Airbus A380 taking off on its maiden flight 20190214
Airbus SE will use an A380 superjumbo to test its first hydrogen propulsion system. Image Credit: AFP

Paris: Airbus SE will use an A380 superjumbo to test its first hydrogen propulsion system, as the planemaker works toward introduction of a new passenger aircraft running on the fuel by 2035.

The demonstration aircraft will be developed in collaboration with engine-maker CFM International, Airbus announced Tuesday in an online press conference. The modified double-decker will maintain its four conventional gas turbines, while a fifth engine, adapted for hydrogen use, will be mounted on the rear fuselage.

Bloomberg reported Monday that Airbus was poised to announce the collaboration with CFM, a joint venture of General Electric Co. and Safran SA.

While hydrogen is still under research for use in jet engines, Airbus is attempting to rally the aviation industry behind the technology as it faces mounting pressure to reduce emissions that lead to global warming. Last year, the airline industry's main trade group endorsed a plan to reach net-zero carbon emissions by the middle of the century.

"To achieve these goals by 2050 the industry has to take action now and we are," said Gael Meheust, CFM's chief executive officer.

Flight Plan

The demonstrator is set to begin flying in the middle of this decade. While a commercial product will be much smaller, the development plan allows Airbus to take advantage of the A380's size to give engineers room for extra tanks, testing equipment, and the fifth engine at the back, executives said.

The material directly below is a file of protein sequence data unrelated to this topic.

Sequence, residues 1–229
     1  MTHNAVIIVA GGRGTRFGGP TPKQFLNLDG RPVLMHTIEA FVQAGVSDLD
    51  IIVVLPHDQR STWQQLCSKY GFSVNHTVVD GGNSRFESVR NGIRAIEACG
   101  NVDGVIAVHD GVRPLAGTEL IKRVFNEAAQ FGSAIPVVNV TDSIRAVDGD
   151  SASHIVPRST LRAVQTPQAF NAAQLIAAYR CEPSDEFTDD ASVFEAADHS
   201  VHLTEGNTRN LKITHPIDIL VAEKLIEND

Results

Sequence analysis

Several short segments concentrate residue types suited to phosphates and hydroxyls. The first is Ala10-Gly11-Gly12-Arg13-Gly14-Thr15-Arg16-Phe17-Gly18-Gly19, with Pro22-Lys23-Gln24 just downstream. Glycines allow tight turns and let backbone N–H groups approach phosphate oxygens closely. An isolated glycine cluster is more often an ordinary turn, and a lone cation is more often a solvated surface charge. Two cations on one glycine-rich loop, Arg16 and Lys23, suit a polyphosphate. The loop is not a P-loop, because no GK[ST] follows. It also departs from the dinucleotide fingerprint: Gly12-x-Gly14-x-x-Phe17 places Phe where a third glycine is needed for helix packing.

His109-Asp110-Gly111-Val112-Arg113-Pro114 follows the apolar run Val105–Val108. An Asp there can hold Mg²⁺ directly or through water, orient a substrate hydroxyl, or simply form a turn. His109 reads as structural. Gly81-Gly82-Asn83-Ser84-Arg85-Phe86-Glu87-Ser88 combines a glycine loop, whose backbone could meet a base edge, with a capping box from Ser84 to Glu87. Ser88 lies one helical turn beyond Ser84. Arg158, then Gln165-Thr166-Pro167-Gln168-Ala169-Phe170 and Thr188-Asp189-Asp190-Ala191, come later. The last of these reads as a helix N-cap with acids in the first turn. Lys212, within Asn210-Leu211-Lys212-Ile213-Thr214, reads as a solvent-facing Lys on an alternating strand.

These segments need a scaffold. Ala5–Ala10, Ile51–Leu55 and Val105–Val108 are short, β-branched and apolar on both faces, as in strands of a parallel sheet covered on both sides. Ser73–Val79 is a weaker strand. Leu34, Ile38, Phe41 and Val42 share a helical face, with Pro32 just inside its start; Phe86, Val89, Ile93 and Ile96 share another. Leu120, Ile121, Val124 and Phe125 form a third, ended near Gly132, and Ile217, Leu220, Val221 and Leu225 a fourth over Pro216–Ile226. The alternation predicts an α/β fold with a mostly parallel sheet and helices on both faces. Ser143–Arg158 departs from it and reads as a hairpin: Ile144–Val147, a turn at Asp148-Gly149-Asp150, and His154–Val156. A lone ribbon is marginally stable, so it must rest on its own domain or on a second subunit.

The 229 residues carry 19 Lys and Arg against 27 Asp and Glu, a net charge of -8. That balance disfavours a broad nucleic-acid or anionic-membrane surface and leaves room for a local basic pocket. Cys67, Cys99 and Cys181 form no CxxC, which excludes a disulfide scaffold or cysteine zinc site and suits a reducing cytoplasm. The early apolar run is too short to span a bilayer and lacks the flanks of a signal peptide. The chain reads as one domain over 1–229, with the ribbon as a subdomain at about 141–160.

Airbus rival Boeing Co. is testing hydrogen fuel cells on its ScanEagle3 pilotless military drone, while expressing skepticism about the 2035 target for commercial jetliners.

The initiative with CFM doesn't mark a firm commitment to any one engine partner or technology, people familiar with the matter said earlier. Airbus has been working with other suppliers as well to assess options for emissions-free flying.

Safran has called hydrogen a "promising candidate" for future aircraft models, and has been developing materials and fuel-system adjustments to be used with the technology.

New Market

With manufacturers gearing up to ultimately make the shift to zero-emission flying, enginemakers GE, Safran, Pratt & Whitney and Rolls-Royce Holdings Plc will all compete for a share of the new market.

Rolls-Royce, which currently specializes in widebody engines, has said it is now considering a return to the single-aisle market and is speaking to both planemakers about possible opportunities. Pratt, a unit of Raytheon Technologies Corp., said Monday that it received U.S. Department of Energy funding to further its work on hydrogen propulsion.

GE and Safran have teamed up to develop new engines with an open fan architecture, with propellers instead of the more-common enclosed blades. The new engines would be compatible with conventional fuels and sustainable alternatives including hydrogen.

CFM may have an edge due to the French state's financing of hydrogen development, FlightGlobal reported in December. France is the largest investor in Toulouse-based Airbus and in Paris-based Safran.